People named David Koch: David H. Koch, United States businessman and politician David Koch, Australian financial analyst and presenter This is a disambiguation page — a navigational aid which lists other pages that might otherwise share the same title. ... Howard Allen Stern (born January 12, 1954) is an American radio and TV personality, media mogul, humorist and author. ...

Opinion polling

Opinion polling for the 2008 U.S. presidential election has offered various projections for who the top condenters may be. This is a collection of polls that have been conducted relating to the U.S. presidential election, 2008. ...


Possible electoral college change

In 2006, the DC Fair and Equal House Voting Rights Act was introduced in the U.S. House. If enacted, it would have the effect of increasing the size of the electoral college by 1. The bill's primary purpose is to give House representation to the District of Columbia. But the bill also grants, for partisan balancing, an additional House seat to Utah (at-large until the next census), and increases Utah's electoral votes by 1, but only until the next census, when the extra seat will be reapportioned like all other seats. The District of Columbia's electoral vote count would remain unchanged at 3, as required by the 23rd amendment. The likely effect of the change, if enacted, on the 2008 presidential election would be to give a +1 advantage to the Republican candidate. Utah has not been carried by a Democratic presidential candidate since 1964, and in the most recent election gave the Republican 71% of the vote. The DC Fair and Equal House Voting Rights Act of 2006 is a bill proposed in Congress by Thomas Davis (R) of Virginia, and has recieved bi-partisan, although mostly Republican, support from 24 other co-sponsers. ... ... Official language(s) English Capital Salt Lake City Largest city Salt Lake City Area  Ranked 13th  - Total 84,876 sq mi (219,887 km²)  - Width 270 miles (435 km)  - Length 350 miles (565 km)  - % water 3. ... Amendment XXIII was the twenty-third Amendment to the United States Constitution which permits the District of Columbia to choose Electors for President and Vice President. ... Presidential electoral votes by state. ... Presidential election results map. ...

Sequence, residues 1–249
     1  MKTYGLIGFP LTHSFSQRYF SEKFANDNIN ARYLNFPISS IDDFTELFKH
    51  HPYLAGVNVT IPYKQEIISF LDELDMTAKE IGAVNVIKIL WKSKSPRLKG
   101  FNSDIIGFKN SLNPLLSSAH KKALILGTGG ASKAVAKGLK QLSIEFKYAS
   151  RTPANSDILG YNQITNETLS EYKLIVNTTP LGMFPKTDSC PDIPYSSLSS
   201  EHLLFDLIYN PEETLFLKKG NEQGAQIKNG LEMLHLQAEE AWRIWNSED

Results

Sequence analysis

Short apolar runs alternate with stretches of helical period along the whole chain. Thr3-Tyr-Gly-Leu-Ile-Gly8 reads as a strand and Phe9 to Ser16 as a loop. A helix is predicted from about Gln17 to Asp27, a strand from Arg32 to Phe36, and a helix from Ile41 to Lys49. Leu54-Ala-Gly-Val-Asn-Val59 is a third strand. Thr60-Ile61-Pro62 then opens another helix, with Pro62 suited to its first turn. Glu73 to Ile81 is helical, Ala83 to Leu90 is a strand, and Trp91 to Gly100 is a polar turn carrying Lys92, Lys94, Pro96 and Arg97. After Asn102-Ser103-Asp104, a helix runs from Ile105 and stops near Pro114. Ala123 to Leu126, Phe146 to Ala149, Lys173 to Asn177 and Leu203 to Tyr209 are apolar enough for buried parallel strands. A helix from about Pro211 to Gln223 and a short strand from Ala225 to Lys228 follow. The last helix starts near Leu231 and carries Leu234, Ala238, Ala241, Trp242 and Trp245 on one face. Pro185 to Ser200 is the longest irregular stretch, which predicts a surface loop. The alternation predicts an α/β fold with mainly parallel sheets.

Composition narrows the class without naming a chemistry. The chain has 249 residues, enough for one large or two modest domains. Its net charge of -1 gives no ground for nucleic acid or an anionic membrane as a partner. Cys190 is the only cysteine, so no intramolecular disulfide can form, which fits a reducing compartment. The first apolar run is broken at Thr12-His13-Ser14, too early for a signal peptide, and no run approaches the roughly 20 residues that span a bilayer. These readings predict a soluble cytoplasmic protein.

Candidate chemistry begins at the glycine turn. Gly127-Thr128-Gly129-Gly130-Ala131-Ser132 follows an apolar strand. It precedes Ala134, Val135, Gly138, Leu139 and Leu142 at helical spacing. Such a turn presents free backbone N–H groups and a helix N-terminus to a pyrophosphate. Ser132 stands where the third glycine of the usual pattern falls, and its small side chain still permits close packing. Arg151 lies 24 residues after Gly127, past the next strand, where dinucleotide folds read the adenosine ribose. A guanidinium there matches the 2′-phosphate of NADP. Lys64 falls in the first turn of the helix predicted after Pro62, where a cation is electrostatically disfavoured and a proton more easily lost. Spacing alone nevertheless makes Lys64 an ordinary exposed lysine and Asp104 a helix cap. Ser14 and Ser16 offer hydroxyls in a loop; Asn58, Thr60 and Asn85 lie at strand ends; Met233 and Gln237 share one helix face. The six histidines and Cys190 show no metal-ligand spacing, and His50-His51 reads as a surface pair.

Also, the National Popular Vote Interstate Compact is a proposed agreement between states in the U.S. dealing with their allocation of electoral votes. This interstate compact would effectively shift the method of election of the President of the United States to a national popular vote system. By terms of the compact, states agree to give all of their electoral votes to the national popular vote winner, regardless of the balance of votes in their own states. The compact would only go into effect once it was joined by states representing a controlling majority of the electoral college.


References

  1. ^ If no candidate receives a majority in the Electoral College then the election is determined by a vote of the House of Representatives.

External links

  • PollingReport.com on Election 2008
  • The New York Times's coverage of Election 2008
  • The Washington Post's coverage of Election 2008
  • Yahoo! coverage of Presidential Elections
  • Links to Election 2008 sites